Let us have a closer look at supply and demand for capacity. In the first diagram below let us assume that the electric utility has already built two power plants. The first plant is the cheapest and is in the most desirable location. Building the second plant increases capacity from \(K^{(1)}=K_1\) to \(K^{(2)}=K_1+K_2\) and increases average costs (slightly) from \(\rho\cdot F^{(1)}/K^{(1)}\) to \(\rho\cdot F^{(2)}/K^{(2)}\). In the diagram this is indicated by the move from point A to point B, and the reddish area shows the (per-period) total cost. With capacity at point B, the electric utility needs to maintain a high price to curb demand so that it does not exceed \(K^{(2)}\). This requires a price that brings demand to point D. This in turn creates a wedge between consumer price P and average cost AC. The greenish rectangle shows the utility's surplus, which it can return to consumers or to the government. The yellow triangle is the consumer surplus.

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Capacity in the first diagram appears insufficient. What happens when the electric utility builds a third power plant? This case is illustrated in the second diagram below. Average cost and capacity move from point B to point C. The average cost goes up a little, indicating that the third power plant is perhaps in a less favourable location than the first two power plants. However, as there is now sufficient capacity available to satisfy demand, retail price and average cost become equal. The green utility surplus vanishes, and consumer surplus increases. The downside is that we must pay the total cost of maintaining capacity at point C, not at point D. This excess capacity is an inefficiency. Whereas in the above diagram we had too little capacity, we now have a bit too much. Which situation is better? First note that in the second diagram there is no producer surplus. Generating capacity is sold "at cost".

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Which of the two solutions is better depends on the specific parameters in the model. Moving from two to three generators, consumers gain more surplus, but the producer surplus disappears. Whether there is a net gain is a matter of crunching numbers. In the first diagram, welfare—the sum of consumer surplus and producer surplus—is equal to the yellow triangle and the green rectangle: \[W^{(2)}=\frac{(a-p^{(2)})^2}{2} +(p^{(2)}-c^{(2)})\cdot K^{(2)}\] where \(c^{(2)}=\rho\cdot F^{(2)}/K^{(2)} \) and \( p^{(2)}=a-b\cdot K^{(2)} \). Thus, \[W^{(2)}= a\cdot K^{(2)}+(b^2/2-b)\cdot (K^{(2)})^2 -\rho\cdot F^{(2)} \] In the second diagram, welfare is simply equal to the consumer surplus triangle and therefore \[W^{(3)}=\frac{1}{2}\left( a-\rho\frac{F^{(3)}}{K^{(3)}}\right)^2\] When \(W^{(3)}\) is larger than \(W^{(2)}\), the additional capacity should be installed. The expression \(W^{(3)}-W^{(2)}\) does not simplify further. Determining the outcome of the welfare comparison requires numerical calculations.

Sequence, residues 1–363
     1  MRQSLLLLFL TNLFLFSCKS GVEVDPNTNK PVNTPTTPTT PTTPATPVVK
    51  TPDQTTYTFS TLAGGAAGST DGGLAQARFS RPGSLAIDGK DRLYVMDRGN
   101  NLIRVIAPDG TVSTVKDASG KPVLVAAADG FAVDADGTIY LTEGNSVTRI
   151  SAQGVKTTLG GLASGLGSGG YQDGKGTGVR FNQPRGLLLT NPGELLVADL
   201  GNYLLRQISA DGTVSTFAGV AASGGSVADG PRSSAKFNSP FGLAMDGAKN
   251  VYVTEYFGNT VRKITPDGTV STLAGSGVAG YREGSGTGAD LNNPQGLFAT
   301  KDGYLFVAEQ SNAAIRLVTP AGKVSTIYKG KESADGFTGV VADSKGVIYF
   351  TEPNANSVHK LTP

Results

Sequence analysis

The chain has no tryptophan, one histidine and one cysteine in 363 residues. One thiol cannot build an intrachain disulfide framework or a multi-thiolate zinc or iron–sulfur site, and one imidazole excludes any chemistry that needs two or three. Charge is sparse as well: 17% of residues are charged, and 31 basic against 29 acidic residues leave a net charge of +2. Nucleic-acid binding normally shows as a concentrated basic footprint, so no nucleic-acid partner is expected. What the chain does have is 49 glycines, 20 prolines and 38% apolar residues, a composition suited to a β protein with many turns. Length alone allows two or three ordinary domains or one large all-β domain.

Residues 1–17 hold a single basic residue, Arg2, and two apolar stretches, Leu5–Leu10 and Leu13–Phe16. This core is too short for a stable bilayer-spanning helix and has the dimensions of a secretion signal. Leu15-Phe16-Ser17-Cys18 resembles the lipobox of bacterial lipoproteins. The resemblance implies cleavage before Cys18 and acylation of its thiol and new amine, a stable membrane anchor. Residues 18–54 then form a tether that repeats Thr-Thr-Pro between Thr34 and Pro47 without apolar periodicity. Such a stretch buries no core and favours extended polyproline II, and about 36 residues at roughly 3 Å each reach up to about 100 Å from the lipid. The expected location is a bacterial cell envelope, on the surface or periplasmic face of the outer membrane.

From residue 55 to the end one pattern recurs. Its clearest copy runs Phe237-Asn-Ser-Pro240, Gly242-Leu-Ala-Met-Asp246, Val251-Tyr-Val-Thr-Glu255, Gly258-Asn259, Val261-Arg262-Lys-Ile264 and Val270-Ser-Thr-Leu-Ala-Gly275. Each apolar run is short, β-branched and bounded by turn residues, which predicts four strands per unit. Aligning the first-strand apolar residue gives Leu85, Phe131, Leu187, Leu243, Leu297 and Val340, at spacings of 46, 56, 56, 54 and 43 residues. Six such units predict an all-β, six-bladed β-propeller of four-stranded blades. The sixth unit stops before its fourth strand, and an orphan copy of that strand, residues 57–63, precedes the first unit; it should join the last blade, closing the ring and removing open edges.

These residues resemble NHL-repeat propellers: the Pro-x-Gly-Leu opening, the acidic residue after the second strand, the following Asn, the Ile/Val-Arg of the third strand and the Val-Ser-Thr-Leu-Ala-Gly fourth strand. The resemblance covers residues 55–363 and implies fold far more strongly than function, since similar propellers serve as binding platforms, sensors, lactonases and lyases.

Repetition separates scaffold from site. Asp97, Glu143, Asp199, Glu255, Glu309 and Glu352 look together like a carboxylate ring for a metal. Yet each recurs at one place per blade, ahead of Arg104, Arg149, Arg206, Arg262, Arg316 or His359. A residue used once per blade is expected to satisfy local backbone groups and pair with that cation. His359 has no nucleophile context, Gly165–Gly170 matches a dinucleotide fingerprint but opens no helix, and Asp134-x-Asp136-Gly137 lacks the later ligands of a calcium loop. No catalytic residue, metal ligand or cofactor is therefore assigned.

What happens when the demand for capacity shifts to the right, for example when the population is growing? Mathematically, this means that parameter \(a\) increases. If we already have three power plants, the extra capacity demand only increases the consumer surplus. The reserve margin allows a higher utilization of the existing capacity. This should actually lower the price of energy, as the cost for capacity is now divided among more consumers.

A key question in the discussion above is how much excess capacity the utility should put into place. How far out should point C be relative to point D in anticipation of population growth? There is a trade-off. If the utility expands capacity just enough to meet current demand, the average cost may not rise much. If the utility puts into place a much larger project, the average cost of capacity may rise more significantly. This is an intertemporal optimization problem. Too much unused capacity today has to be paid for today, but this may be the result of technological constraints. Large hydro dams, for example, cannot be divided into many smaller dams. However, technology may help find alternatives to large-scale projects. Smaller run-of-the-river dams, geothermal power plants, and wind farms, may provide smaller steps to expand capacity, preventing point C to move too far ahead of point D. On the other hand, if a large project can deliver significant economies of scale that smaller projects cannot, the lower average cost will prioritize it over smaller projects. Keep in mind that projects should be entered in sequence of their average cost, regardless of their size.

Situations with zero marginal costs make for interesting economics. They will change the business model that is required to succeed in such markets. In many instances, conventional markets that approach zero marginal costs will morph into alternative, parallel markets where marginal costs will not be zero. Energy markets will increasingly morph into capacity markets. And you can also expect that this process will bring about the demise of some established businesses, but it will also create new and novel type of businesses.